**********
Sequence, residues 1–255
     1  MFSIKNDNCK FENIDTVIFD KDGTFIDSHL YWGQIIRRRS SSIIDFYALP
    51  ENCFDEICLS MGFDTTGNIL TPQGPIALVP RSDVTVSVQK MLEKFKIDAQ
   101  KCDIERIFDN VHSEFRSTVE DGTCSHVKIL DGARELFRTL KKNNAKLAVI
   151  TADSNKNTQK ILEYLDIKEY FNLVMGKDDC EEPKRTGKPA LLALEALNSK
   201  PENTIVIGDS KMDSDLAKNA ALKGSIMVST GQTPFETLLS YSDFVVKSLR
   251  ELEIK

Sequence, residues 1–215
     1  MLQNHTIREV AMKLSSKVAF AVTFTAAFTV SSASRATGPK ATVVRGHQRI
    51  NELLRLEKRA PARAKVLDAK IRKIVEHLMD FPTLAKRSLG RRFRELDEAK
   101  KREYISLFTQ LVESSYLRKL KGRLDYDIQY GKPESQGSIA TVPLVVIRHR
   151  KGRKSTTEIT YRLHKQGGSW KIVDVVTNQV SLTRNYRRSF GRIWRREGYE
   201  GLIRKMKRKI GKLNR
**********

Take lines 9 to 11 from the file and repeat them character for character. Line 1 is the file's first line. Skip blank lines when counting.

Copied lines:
     1  MLQNHTIREV AMKLSSKVAF AVTFTAAFTV SSASRATGPK ATVVRGHQRI
    51  NELLRLEKRA PARAKVLDAK IRKIVEHLMD FPTLAKRSLG RRFRELDEAK
   101  KREYISLFTQ LVESSYLRKL KGRLDYDIQY GKPESQGSIA TVPLVVIRHR